3 years ago

Proportional Feedback Control of Energy Intake During Obesity Pharmacotherapy

Arjun Sanghvi, Kevin D. Hall, Britta Göbel
Objective Obesity pharmacotherapies result in an exponential time course for energy intake whereby large early decreases dissipate over time. This pattern of declining drug efficacy to decrease energy intake results in a weight loss plateau within approximately 1 year. This study aimed to elucidate the physiology underlying the exponential decay of drug effects on energy intake. Methods Placebo-subtracted energy intake time courses were examined during long-term obesity pharmacotherapy trials for 14 different drugs or drug combinations within the theoretical framework of a proportional feedback control system regulating human body weight. Results Assuming each obesity drug had a relatively constant effect on average energy intake and did not affect other model parameters, our model correctly predicted that long-term placebo-subtracted energy intake was linearly related to early reductions in energy intake according to a prespecified equation with no free parameters. The simple model explained about 70% of the variance between drug studies with respect to the long-term effects on energy intake, although a significant proportional bias was evident. Conclusions The exponential decay over time of obesity pharmacotherapies to suppress energy intake can be interpreted as a relatively constant effect of each drug superimposed on a physiological feedback control system regulating body weight.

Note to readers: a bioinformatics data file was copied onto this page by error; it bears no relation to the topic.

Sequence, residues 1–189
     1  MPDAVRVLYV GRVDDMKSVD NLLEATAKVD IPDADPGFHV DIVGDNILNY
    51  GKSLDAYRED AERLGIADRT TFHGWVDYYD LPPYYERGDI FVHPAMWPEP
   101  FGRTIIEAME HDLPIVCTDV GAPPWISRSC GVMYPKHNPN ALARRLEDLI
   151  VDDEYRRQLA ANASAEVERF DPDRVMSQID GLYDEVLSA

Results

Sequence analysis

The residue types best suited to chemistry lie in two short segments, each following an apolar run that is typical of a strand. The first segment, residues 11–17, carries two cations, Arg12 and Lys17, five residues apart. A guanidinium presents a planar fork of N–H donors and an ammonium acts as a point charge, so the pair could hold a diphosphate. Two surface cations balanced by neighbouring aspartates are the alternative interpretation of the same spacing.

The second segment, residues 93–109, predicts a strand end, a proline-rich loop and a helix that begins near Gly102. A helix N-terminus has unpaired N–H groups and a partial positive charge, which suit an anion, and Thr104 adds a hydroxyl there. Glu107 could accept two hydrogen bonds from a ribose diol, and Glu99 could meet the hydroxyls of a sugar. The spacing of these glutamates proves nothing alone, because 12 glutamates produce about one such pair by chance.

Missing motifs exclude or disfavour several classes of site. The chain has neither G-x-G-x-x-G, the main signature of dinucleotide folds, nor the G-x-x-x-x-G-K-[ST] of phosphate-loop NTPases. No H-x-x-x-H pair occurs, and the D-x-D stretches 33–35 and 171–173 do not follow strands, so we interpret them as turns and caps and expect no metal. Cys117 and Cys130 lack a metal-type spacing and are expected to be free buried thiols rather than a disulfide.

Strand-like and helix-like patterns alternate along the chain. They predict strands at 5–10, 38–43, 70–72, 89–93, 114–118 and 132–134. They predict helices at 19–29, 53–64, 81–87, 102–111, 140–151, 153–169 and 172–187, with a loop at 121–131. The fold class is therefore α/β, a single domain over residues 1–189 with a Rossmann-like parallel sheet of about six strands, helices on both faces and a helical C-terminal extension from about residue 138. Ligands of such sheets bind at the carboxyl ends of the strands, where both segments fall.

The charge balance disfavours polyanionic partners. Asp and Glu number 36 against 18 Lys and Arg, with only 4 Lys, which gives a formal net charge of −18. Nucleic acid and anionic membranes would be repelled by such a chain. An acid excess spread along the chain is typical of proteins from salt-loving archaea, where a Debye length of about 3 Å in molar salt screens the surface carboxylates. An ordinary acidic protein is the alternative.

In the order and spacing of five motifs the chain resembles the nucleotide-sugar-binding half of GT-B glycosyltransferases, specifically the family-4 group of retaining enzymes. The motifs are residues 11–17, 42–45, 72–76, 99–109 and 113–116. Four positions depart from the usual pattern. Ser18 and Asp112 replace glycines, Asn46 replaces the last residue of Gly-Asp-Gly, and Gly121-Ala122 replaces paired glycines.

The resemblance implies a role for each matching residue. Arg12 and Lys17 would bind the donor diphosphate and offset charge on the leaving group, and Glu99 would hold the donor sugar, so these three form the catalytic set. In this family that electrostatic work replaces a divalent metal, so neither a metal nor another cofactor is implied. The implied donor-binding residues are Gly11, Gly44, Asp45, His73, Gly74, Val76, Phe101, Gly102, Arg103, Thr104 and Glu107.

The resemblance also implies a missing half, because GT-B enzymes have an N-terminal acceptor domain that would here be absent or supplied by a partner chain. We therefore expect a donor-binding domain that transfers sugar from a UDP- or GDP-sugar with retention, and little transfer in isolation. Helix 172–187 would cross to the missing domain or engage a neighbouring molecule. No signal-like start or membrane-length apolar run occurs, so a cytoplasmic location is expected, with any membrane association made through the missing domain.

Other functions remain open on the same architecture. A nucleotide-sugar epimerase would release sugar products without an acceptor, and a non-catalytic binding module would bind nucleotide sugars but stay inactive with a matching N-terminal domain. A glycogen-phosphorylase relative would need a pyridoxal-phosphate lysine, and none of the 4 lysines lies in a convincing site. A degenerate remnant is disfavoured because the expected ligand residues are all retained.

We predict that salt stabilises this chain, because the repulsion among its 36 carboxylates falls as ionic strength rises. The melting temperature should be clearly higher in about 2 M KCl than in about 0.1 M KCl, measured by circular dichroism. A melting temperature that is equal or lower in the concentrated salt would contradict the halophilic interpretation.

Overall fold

Publisher URL: http://onlinelibrary.wiley.com/resolve/doi

DOI: 10.1002/oby.21978

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